Christianity says life is hard because of Original Sin.
Eric Voegelin would say it's hard because we live in the metaxy.
METAXY: The permanent in-between structure of existence. Sometimes referred to as the between or in-between, meaning that humans live in a structure of reality that is between the poles of existence. Michael P. Federici, Eric Voegelin.
The important points here are the "poles" and "in-between." We exist between lower and upper: transcendence--immanence, perfection--imperfection, omniscience--ignorance.
We not only exist between the poles, we participate in each pole. We are pulled toward each pole.
The result: tension.
The tension of existence: of living in the metaxy.
Some feel the tension more strongly than others. Artists, for instance. Maybe drunks. And saints.
The tension makes life hard but it also makes life worth living. It's why we get up in the morning; it's why we do the right thing . . . heck, it's why we even believe there is a "right thing," even if we can't always define or explain it, which is often because the transcendent pole is, well, transcendent: it surpasses our earthly modes of logic and language. All we can do is try to bridge the gap by accepting the gap (the metaxy), thereby bringing the transcendent and immanent together in the only creature meant to exist in both: humans.
Since we're meant to exist between the poles, the tension, though hard, also makes us healthy. When we engage with both poles of existence, we flourish. The best things in life are neither material nor spiritual: they're both, because both poles combine to give us a taste of full reality. Christians often refer to this as a "sacramental view" of reality: matter and spirit in one.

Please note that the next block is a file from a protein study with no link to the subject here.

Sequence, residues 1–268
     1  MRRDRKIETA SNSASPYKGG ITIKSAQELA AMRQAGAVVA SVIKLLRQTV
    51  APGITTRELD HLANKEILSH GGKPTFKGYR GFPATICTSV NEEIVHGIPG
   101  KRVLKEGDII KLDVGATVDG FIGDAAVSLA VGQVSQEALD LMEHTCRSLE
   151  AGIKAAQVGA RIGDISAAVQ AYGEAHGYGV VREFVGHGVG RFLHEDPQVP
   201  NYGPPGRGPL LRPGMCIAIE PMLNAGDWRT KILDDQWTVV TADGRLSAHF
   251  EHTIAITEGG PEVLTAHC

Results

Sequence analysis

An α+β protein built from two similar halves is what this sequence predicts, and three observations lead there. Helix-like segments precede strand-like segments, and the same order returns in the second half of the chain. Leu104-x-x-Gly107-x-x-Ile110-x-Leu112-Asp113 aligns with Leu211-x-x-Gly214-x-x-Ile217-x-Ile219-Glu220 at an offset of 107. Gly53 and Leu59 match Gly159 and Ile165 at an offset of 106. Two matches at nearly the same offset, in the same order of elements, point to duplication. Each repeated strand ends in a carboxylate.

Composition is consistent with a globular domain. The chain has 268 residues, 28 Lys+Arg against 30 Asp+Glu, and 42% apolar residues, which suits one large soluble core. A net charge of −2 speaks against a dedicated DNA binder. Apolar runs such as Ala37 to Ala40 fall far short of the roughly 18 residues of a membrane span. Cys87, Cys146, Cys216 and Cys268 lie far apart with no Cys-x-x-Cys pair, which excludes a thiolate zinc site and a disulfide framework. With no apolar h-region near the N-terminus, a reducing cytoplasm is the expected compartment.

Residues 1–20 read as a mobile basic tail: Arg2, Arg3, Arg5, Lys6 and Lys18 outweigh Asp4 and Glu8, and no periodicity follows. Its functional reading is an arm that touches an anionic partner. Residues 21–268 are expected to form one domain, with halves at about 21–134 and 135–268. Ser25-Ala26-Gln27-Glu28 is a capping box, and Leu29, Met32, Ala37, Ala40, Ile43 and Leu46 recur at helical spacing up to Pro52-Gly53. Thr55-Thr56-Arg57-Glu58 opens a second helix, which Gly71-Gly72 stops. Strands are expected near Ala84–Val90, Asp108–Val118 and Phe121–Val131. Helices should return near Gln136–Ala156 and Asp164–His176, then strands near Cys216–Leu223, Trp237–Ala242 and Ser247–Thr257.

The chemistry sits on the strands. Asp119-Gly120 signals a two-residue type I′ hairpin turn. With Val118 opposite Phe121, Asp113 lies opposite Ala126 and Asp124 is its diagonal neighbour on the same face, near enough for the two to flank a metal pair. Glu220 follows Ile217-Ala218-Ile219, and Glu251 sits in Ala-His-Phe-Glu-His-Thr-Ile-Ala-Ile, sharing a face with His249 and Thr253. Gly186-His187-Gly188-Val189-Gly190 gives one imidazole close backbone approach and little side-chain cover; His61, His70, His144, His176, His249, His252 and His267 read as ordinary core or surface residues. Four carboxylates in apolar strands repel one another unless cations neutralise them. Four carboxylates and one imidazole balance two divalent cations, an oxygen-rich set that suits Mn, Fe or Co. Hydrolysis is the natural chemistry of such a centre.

Historically, Awareness of the Metaxy Unfolded in Leaps
Humans haven't always recognized the metaxy. Our awareness of it unfolded gradually over the millennia.
It took a big step forward with the Israelites and the notion of a transcendent god who, for some reason, cares about humans. It also took a big step forward during a thing that Charles Taylor called “The Great Disembedding.” Karl Jaspers called it “The Axial Age.” Arthur Koestler called it “that tremendous century of awakening.”
People were beginning to realize they had souls that needed to be attuned to transcendence. This, in turn, shifted their relationship with their neighbors.
It was a major positive development.
But there was also a major "growing pain" development around the same time: The coming of ecumenic empires.
With the coming of the Assyrian Empire, followed by the Babylonian, then the Persian, then the Greek, then the Roman, old cultures were crushed. And with them, their gods and cosmology.
Ecumenic empires displaced people. Your neighbor no longer spoke or even looked like you. He worshipped different gods and looked at things differently.
The ecumenic empires, to borrow a current phrase, threw everyone's cosmologies into the free market of ideas.
In the resulting milieu, the old gods and cosmologies, which were "compact," scarcely recognizing a gap between transcendence and immanence (think "totem poles" and "Zeus banging teenage girls"), were torn open and shown to be false.